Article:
Foreclosure filings fell in the first quarter to their lowest level since the end of 2007, according to new figures compiled by RealtyTrac, but the mortgage and housing industries shouldn't pop the champagne quite yet.Default notices, scheduled auctions and bank repossessions were reported on 572,928 properties during the quarter, a 2% sequential decline, and a 16% drop from a year ago.

One in every 230 housing units recorded a foreclosure filing in the first quarter. 

In March, servicers filed foreclosure notices on 198,853 homes, 4% lower from February and a 17% decrease from March 2011. Last month also marked the first time since July 2007 that fewer than 200,000 foreclosure filings were recorded. 

The processing time to complete a foreclosure took longer in the first quarter, RealtyTrac said – averaging 370 days compared to 348 days in 4Q11.

“The low foreclosure numbers in the first quarter are not an indication that the massive reservoir of distressed properties built up over the past few years has somehow miraculously evaporated,” said Brandon Moore, chief executive officer of Irvine, Calif.-based RealtyTrac. “There are hairline cracks in the dam, evident in the sizable foreclosure activity increases in judicial foreclosure states over the past several months, along with an increase in foreclosure starts in many judicial and non-judicial states in March. The dam may not burst in the next 30 to 45 days, but it will eventually burst, and everyone downstream should be prepared for that to happen — both in terms of new foreclosure activity and new short sale activity.”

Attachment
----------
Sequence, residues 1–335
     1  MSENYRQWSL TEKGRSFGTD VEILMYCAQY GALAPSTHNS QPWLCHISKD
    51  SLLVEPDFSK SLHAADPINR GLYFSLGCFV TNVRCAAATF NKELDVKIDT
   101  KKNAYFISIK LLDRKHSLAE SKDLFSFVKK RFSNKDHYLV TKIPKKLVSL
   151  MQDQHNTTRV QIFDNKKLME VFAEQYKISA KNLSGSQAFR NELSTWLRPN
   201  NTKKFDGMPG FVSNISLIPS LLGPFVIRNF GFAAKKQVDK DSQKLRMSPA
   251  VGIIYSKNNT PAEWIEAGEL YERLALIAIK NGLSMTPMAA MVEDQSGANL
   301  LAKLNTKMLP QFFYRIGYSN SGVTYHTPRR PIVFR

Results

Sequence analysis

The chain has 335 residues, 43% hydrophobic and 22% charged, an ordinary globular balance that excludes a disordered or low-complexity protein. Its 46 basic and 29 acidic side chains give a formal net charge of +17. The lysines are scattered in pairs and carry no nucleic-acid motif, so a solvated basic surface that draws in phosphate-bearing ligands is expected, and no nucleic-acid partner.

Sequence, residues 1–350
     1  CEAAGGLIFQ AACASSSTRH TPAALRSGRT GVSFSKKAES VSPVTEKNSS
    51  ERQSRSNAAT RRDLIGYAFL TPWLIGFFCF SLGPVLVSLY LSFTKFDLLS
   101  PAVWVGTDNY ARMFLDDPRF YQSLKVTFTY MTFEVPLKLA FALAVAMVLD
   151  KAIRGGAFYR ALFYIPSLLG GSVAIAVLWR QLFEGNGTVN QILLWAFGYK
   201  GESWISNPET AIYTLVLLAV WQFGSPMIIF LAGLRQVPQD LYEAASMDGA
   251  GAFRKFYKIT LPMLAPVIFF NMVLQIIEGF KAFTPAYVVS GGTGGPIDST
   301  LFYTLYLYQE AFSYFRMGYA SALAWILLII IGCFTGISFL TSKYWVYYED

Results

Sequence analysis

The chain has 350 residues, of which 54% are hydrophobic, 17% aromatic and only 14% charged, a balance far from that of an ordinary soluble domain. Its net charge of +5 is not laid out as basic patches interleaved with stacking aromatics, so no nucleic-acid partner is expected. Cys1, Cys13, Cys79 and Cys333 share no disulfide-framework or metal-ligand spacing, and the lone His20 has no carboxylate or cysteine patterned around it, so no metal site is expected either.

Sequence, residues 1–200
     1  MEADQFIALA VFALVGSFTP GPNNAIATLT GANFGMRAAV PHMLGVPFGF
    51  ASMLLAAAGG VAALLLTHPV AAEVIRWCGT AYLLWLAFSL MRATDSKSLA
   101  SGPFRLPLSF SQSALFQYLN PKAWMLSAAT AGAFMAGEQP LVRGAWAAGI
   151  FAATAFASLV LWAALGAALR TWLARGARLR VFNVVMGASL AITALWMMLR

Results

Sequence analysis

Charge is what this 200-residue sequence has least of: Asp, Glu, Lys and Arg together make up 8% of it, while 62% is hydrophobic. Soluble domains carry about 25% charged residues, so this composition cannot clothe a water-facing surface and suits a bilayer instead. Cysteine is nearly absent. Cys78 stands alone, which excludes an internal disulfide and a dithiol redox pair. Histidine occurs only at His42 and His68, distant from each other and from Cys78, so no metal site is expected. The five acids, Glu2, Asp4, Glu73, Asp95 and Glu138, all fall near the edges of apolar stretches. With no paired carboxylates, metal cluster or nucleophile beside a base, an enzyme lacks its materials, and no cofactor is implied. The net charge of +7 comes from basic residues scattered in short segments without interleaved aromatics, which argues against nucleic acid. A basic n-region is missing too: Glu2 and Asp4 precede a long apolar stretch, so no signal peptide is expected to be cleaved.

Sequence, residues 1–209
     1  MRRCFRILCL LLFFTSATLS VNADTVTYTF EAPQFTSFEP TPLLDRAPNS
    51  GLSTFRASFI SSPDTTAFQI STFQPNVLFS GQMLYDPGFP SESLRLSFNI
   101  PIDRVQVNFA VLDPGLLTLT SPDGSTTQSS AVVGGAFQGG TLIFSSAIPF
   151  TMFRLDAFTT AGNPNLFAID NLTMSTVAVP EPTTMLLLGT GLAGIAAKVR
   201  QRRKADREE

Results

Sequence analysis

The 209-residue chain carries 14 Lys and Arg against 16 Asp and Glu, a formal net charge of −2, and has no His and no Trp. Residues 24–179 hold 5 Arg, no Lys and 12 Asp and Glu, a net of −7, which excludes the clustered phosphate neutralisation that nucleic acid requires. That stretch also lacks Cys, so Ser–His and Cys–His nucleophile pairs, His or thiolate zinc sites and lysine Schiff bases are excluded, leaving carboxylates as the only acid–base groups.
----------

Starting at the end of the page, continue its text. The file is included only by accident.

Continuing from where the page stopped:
In the 26 states that use the judicial foreclosure process, 243,074 properties were the subject of a foreclosure filing in 1Q, an 8% jump from 4Q. Compared to 1Q 2011, filing rose 10%. 

Judicial states that posted some of the biggest year-over-year increases in foreclosure activity in the first quarter included Indiana (up 45%), Connecticut (38%), Massachusetts (26%), Florida (26%), South Carolina (26%), and Pennsylvania (23%).

The main reason why foreclosure activity dipped came primarily from the non-judicial states, which accounted for only 329,854 foreclosure filings over the last three months. Even though this is half the national total, it is a decrease of 8% from the prior quarter and 28% less than the first quarter a year ago.

Twenty non-judicial states registered year-over-year decreases in foreclosure activity, led by Arkansas and Nevada with a 79% and 62% drop, respectively. Recent legislation or court cases have disrupted the normal foreclosure process in both these states.

Other non-judicial states with substantial year-over-year decreases in foreclosure activity included Washington at 55%, Arizona at 41%, Texas was down 31% and California had 21% less foreclosures.

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